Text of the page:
There are some very tough dichotomies we face as people in the world. Coke or Pepsi, Mac or PC, dine-in or carryout, and the big one, renting or buying. When it comes to things like furniture and appliances, the jury has long been in. Buying is exceedingly better than renting. Though when it comes to actual homes and flats, many remain truly undecided.
So, which is really better – renting or buying? Throughout this article, you will read why renting is far more practical. “Better” is relative and wholly subjective, but there are many objective categories wherein renting simply trumps buying by a long shot.
Why renters might have easier lives?
1: No creditors hassling you
Taking out a home lone puts you on the hook for all types of mortgage regulations and creditors that will be ringing and knocking constantly in an attempt to get more of their money at a quicker pace. Taking out a mortgage also requires a stroke of luck to an extent. Unless you have a picturesque credit score, you’ll never receive fair terms – if you receive a mortgage at all. Having to come up with a lump sum to buy is exponentially more difficult than renting.
2: More rules in your favor
As a tenant in someone’s property, you don’t exactly have the breadth of property law on your side per se. One thing about first-world nations: The rules favor money. However, you still have more legal recourse than a homeowner in one really important category. When it comes to late payments, evictions, bad treatment, etc, big banks can get away with anything, whereas you stand a fighting chance against landlords.
3: Landlords’ responsibilities
Your responsibilities as a renter for things like damage restoration are basically nonexistent, unless you have caused the damage through negligence. Though if you’re just a resident in someone’s property and the pipe bursts, the ceiling caves in, the electric fails, etc, then the landlord is on the hook for the repairs. The landlord must cover the costs financially and must make timely repairs.
4: Opting out is easier
Not that renters should break their lease, but if they wanted to, they could do it a lot easier than a homeowner could get out of a mortgage contract (which will rarely happen). If you own a home and decide to move to a new home, there’s so much you have to consider. You still have to cover the mortgage payments. You’ll have to sell the home in hopes of repaying it, or sell back to the lender at a discount and still be on the hook. And unless you tie up those loose ends, you’ll be paying for the full term of your contract. You could go into default, of course, and just let the lender take the home, but then your credit is ruined for life. You won’t even be able to get department store credit.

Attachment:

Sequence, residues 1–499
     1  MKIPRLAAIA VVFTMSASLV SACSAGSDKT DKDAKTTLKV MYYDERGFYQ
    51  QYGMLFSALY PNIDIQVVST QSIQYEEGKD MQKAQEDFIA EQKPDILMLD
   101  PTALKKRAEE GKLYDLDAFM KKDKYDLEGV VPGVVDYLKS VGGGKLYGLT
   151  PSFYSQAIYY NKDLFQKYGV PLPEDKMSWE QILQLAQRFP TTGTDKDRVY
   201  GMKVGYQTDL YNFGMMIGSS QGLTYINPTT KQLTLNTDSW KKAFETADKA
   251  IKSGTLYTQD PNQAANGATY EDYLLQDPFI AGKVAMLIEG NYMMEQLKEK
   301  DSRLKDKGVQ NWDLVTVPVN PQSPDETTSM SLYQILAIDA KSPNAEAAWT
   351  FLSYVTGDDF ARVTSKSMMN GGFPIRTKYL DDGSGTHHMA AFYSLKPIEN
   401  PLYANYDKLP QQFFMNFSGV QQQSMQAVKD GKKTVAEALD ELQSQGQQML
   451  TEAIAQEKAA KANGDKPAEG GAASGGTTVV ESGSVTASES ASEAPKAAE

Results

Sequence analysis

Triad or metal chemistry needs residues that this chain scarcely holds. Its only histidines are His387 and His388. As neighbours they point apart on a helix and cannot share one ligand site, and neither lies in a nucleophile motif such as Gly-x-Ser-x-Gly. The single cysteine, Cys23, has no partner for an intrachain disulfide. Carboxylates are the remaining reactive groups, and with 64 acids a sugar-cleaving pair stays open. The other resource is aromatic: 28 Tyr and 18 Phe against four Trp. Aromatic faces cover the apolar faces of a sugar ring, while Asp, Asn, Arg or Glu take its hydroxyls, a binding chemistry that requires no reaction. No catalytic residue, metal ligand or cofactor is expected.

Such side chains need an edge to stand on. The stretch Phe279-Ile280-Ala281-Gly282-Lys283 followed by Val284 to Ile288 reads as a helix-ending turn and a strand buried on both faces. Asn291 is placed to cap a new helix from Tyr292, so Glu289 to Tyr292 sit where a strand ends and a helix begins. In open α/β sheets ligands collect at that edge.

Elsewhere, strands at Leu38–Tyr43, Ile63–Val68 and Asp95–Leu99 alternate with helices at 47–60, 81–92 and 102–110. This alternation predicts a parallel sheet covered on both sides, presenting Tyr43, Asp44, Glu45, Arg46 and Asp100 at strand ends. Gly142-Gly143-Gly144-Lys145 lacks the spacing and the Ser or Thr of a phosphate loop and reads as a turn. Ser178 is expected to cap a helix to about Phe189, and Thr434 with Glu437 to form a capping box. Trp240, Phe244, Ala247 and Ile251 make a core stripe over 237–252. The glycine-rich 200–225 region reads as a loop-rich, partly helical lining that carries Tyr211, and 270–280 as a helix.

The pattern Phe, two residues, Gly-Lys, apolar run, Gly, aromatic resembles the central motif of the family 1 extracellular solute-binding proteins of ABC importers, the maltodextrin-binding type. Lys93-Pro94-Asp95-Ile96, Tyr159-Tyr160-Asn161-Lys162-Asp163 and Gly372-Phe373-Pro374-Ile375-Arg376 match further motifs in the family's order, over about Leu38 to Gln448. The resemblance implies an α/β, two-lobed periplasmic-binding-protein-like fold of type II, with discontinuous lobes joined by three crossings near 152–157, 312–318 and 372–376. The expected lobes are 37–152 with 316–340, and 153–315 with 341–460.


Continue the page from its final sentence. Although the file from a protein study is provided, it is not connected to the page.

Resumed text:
As a renter, as soon as your lease is up, you’re off the hook. Most landlords will let you pack up and leave at any time, too, as long as you eat the security deposit, which is small change compared to what owners go through.
5: Move-in ready options
When you’re looking at homes and flats, you’ll usually see a stark contrast. Though it’s not always the case, more flats (and smaller homes with rent options) are furnished, fixed up, and are ready for you to move right in. At the most, you may have to bring a furniture suite along with you. Homes, on the other hand, typically need more work, more furnishing, and more nips and tucks before they’re ready.
This article doesn’t settle the debate. You may still find that actually owning a home is right for you, especially if you’re looking to start a family, invest in properties, or have a plan to buy that won’t lead to years of debt. For most people, however, renting is always going to stand out as the stronger option.